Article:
When recording parent album Dare!, the Human League considered their adherence to a “strict policy of synth-only sounds” LW to be very cutting edge and a much needed break from the “archaic and antique” use of guitars. SF The song, “Don’t You Want Me?,” provided a synthesizer riff as memorable as any guitar lick, TB quieting critics who condemned the instrumental tool as bland. MUJ Marc Almond of Soft Cell went so far as to call the song “the greatest record of all time.” KL He wasn’t alone in his love for the song; it moved over 1.4 million copies in the UK to become the biggest seller of 1981. SF
In the US, the song was the first English synthesizer chart-topper, BR1 effectively launching a second British invasion, the first being helmed by the Beatles in 1964. KL That second influx of British music owed much to the launch of MTV. UK bands comprised a large chunk of the fledging music channel’s initial library, thanks to a prevalence of video shows in Europe. SF While the Human League were frequently lumped in with British New Romantic acts KL like Duran Duran, Culture Club, and Adam Ant, they really had more of a post-punk energy and were more likely to use Kraftwerk as a musical reference point. LW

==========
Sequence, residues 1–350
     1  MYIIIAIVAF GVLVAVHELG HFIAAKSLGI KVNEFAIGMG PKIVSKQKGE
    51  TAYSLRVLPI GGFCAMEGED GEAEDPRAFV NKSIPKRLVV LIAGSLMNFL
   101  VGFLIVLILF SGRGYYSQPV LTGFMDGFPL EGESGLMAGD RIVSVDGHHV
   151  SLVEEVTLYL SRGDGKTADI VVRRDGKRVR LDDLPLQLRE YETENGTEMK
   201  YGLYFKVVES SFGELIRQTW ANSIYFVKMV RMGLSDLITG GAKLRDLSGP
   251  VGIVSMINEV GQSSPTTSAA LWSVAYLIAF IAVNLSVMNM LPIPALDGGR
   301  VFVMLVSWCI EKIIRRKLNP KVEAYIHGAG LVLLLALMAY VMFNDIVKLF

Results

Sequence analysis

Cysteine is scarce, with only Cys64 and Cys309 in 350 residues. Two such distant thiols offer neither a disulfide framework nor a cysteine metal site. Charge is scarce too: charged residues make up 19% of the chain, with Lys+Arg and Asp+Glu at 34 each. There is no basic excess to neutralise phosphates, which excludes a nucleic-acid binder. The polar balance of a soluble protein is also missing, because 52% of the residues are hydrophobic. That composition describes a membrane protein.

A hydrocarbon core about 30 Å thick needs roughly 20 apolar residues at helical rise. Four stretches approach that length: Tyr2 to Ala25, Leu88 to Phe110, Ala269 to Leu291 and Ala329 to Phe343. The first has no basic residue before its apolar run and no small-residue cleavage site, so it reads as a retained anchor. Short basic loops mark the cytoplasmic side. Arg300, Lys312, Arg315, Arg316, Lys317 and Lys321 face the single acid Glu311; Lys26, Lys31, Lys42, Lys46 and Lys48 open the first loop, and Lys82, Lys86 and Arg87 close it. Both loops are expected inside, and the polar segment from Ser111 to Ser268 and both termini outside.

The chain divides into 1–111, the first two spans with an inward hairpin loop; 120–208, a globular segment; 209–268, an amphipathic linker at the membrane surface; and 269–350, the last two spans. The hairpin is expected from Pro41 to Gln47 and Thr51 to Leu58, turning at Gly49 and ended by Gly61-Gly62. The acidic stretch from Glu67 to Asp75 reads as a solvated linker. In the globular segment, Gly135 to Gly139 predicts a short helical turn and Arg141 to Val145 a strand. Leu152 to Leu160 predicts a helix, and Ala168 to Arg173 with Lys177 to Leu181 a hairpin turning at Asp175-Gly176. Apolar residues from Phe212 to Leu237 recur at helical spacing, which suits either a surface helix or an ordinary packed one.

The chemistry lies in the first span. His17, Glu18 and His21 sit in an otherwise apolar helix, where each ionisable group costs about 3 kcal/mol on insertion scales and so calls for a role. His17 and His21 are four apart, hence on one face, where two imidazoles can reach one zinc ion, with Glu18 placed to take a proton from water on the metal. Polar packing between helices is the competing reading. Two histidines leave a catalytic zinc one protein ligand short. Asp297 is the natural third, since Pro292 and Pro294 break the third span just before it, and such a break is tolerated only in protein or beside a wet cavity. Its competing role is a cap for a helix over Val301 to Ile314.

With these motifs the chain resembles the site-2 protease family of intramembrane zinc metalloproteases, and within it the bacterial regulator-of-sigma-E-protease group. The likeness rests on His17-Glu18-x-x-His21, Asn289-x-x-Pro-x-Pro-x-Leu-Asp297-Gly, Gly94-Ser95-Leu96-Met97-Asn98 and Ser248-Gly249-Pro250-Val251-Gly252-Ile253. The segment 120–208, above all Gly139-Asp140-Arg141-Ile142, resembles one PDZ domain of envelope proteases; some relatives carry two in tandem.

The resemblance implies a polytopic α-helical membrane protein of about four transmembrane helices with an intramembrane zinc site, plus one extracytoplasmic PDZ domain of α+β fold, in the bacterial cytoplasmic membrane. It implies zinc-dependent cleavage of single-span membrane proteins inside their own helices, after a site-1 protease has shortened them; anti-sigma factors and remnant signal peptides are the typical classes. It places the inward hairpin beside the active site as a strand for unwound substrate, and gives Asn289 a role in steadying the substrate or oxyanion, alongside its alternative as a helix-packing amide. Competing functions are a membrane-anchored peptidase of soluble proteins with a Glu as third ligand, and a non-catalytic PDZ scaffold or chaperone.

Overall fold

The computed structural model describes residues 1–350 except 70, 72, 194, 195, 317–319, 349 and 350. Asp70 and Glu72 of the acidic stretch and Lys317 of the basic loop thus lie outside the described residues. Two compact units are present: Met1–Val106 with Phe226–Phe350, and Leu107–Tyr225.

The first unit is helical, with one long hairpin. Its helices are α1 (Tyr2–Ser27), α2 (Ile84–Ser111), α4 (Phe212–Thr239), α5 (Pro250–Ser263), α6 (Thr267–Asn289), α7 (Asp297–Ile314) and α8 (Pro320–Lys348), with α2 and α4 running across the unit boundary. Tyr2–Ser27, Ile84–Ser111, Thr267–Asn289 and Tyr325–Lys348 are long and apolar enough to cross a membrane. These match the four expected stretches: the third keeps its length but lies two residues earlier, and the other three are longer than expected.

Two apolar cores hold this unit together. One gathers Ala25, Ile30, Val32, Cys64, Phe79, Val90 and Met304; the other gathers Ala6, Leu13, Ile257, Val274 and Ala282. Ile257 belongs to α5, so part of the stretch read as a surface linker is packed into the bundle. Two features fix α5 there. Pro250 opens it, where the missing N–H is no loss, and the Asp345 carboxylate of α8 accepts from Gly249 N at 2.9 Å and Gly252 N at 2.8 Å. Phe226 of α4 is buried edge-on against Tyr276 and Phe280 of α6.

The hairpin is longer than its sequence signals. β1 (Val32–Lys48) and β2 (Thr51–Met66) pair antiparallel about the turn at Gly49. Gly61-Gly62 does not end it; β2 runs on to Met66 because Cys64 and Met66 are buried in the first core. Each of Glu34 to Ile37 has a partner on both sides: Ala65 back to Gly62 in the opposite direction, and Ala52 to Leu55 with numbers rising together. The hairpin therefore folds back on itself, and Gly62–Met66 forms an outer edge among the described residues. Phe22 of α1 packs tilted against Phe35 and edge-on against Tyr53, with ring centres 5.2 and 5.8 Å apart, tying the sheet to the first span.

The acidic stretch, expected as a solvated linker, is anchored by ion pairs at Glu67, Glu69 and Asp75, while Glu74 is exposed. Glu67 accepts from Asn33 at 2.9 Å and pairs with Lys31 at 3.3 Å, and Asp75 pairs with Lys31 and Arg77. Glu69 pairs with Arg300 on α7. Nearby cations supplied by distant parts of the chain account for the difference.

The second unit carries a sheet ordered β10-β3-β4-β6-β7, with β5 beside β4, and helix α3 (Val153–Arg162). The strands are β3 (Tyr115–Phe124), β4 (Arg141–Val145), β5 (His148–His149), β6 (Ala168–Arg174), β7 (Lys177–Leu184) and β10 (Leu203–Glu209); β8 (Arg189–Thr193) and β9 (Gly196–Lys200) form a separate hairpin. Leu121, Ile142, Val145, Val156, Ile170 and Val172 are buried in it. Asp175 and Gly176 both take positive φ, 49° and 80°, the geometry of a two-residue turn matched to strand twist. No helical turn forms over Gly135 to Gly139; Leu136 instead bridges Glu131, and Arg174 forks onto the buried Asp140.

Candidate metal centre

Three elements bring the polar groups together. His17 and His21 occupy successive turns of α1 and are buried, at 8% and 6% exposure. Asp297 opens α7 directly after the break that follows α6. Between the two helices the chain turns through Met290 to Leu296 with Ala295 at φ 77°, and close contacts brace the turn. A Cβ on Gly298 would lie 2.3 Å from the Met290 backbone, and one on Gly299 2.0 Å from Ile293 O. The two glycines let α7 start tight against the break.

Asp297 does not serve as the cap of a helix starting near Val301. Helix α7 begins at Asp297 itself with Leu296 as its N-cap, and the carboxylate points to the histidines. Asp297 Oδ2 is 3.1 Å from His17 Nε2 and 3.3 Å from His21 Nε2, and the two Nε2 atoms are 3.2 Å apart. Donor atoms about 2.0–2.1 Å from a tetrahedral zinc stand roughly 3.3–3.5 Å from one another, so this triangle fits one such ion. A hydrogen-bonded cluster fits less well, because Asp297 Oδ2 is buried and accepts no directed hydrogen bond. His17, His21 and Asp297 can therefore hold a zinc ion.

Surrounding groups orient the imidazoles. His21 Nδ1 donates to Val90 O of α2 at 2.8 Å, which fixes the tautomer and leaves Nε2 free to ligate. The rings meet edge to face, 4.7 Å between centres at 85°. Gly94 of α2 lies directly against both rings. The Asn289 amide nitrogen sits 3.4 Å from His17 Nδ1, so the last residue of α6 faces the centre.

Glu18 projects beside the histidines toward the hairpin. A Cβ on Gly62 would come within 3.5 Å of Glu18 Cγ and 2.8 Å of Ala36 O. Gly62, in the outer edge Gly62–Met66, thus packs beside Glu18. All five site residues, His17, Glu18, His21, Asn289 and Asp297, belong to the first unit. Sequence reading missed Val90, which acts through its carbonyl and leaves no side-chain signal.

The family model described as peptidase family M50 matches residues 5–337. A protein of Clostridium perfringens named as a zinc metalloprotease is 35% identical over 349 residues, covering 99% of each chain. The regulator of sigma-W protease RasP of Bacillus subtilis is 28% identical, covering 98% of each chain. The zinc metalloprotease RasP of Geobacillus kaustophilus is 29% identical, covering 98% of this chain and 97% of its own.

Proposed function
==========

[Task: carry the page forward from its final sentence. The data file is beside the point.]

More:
The song sports a “consciously cheesy boy-girl duologue” MUJ between Phil Oakley and the two female singers. That and his “emotion-free style of his singing” LW alongside a funky melodic bass line made the song a classic. LW
Oakley has stated that an article in a woman’s magazine inspired the song SF and that it is “not a love song but about power politics between two people.” SF Interestingly, Oakley had decided that the group needed women who could dance and sing backup vocals BR1 and so, as suggested in the song, he found them in a cocktail bar and “turned them into something new.” LW Apparently their look took precedence over all else since the pair could neither sing nor dance. CR
BR1 Fred Bronson (2003). The Billboard Book of Number One Hits (5th edition). New York, NY: Billboard Books. Page 556.
CR Toby Creswell (2005). 1001 Songs: The Great Songs of All Time. Thunder’s Mouth Press: New York, NY. Page 627.
KL Jon Kutner/Spencer Leigh (2005). 1000 UK Number One Hits: The Stories Behind Every Number One Single Since 1952. London, Great Britain: Omnibus Press. Page 276.
LW Alan Lewens (2001). Popular Song – Soundtrack of the Century. Billboard Books: New York, NY. Page 151.
MUJMojo Ultimate Jukebox (supplement with April 2003 issue of Mojo magazine). “The 100 Singles You Must Own”.